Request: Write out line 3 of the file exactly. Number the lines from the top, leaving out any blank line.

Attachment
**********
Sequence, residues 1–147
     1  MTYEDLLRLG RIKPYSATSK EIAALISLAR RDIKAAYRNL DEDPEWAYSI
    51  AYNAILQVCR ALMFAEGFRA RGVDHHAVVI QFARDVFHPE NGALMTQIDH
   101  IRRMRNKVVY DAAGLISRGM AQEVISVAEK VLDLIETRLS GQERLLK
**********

    51  AYNAILQVCR ALMFAEGFRA RGVDHHAVVI QFARDVFHPE NGALMTQIDH